Reference Architecture and Vendors

Although the influencing criteria listed above might appear like options to pick and choose among, realize that these represent a set of mutually inclusive technical requirements that need to be considered as a sum in determining the overall conceptual architecture for an MDM system.

MDM Meets Enterprise Architecture
(click image for larger view)
MDM Meets Enterprise Architecture
For example, operational MDM needed by the manufacturing division may be an immediate priority for an automotive OEM. But the solution may soon be required to support collaborative needs if the engineering division also jumps on the bandwagon. Likewise, a registry style of MDM might be a good place to start for a hospital that is interested in building a patient-master for operational needs; but it would have to move up to coexistence/transaction-style MDM to support compliance for regulations such as Meaningful Use.

MDM Vendors
(click image for larger view)
MDM Vendors
Click on the "Reference Architecture," above right, to see a holistic view that shows how MDM fits in with the key components of enterprise architecture. The table at left lists leading MDM vendors and details on their products and technologies.

The Future of MDM

Business expansion, the drive for efficiencies and compliance demands will continue to drive MDM growth. Multi-domain MDMs is definitely drawing interest from product and service providers.

By its very nature, MDM is a services-heavy deployment, and the projects tend to be multi-year, requiring a combination of upfront consulting (on data governance strategy) and architecture and downstream development services (involving data quality and integration services).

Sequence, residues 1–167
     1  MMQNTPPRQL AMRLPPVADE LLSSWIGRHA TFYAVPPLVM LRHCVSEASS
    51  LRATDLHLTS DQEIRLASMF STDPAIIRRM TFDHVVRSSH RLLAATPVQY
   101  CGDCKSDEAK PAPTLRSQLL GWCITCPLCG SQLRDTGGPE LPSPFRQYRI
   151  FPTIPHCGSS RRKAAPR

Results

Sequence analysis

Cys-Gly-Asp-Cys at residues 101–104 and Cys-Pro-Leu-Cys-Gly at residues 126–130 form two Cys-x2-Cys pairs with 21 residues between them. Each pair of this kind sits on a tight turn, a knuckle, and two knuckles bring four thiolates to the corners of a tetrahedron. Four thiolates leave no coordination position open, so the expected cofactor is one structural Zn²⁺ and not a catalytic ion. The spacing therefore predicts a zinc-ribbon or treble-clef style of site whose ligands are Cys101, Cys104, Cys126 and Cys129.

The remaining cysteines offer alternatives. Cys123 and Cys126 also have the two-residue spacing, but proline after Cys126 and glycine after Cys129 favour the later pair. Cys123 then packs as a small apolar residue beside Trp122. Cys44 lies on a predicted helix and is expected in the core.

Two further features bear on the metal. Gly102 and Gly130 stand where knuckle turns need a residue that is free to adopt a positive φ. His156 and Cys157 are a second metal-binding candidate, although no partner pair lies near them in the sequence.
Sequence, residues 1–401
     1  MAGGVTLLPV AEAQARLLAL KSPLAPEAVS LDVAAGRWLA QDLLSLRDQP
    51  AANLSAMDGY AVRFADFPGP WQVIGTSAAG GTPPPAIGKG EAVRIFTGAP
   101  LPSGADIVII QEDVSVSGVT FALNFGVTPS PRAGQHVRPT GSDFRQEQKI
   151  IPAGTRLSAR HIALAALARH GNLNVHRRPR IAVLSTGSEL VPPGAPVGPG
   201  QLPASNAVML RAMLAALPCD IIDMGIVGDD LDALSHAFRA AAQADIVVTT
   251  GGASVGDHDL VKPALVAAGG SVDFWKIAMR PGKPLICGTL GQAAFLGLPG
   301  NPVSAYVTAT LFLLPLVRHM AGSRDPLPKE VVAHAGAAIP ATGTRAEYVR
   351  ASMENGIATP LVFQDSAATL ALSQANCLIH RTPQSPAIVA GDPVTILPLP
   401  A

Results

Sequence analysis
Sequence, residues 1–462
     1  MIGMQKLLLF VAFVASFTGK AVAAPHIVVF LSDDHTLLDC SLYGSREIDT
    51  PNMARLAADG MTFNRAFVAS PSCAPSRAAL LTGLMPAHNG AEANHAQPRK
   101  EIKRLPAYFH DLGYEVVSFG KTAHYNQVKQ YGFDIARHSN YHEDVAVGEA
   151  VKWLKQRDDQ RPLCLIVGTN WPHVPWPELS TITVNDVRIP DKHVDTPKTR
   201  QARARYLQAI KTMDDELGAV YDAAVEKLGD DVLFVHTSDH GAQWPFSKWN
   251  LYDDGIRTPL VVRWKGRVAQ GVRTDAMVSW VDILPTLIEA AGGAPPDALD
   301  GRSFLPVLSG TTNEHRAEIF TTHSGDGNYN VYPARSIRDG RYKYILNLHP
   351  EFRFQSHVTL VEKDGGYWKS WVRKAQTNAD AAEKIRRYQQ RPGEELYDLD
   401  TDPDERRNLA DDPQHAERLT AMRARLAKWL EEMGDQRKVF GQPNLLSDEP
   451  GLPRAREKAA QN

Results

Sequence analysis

The optimization efforts that, for many years, have been slanted toward infrastructure, process logic, and user interfaces, have to be realigned. Renewed focus on data will restore much-needed balance. It's time to deliver on the promises of industrialized IT and to live up to the service-level agreements of IT as a Service. Not the least of these promises is access to a single source of truth. The road to get there goes through MDM.

Sreedhar Kajeepeta is Global VP & CTO of Technology Consulting Practices for the Global Business Solutions & Services division of CSC. He previously worked for Convansys (now merged with CSC), Cambridge Technology Partners, and Tata Consultancy Services. Write him at [email protected]

We welcome your comments on this topic on our social media channels, or [contact us directly] with questions about the site.
2 of 2
Comment  | 
Print  | 
More Insights
InformationWeek Is Getting an Upgrade!

Find out more about our plans to improve the look, functionality, and performance of the InformationWeek site in the coming months.

11 Things IT Professionals Wish They Knew Earlier in Their Careers
Lisa Morgan, Freelance Writer,  4/6/2021
Time to Shift Your Job Search Out of Neutral
Jessica Davis, Senior Editor, Enterprise Apps,  3/31/2021
Does Identity Hinder Hybrid-Cloud and Multi-Cloud Adoption?
Joao-Pierre S. Ruth, Senior Writer,  4/1/2021
White Papers
Register for InformationWeek Newsletters
The State of Cloud Computing - Fall 2020
The State of Cloud Computing - Fall 2020
Download this report to compare how cloud usage and spending patterns have changed in 2020, and how respondents think they'll evolve over the next two years.
Current Issue
Successful Strategies for Digital Transformation
Download this report to learn about the latest technologies and best practices or ensuring a successful transition from outdated business transformation tactics.
Flash Poll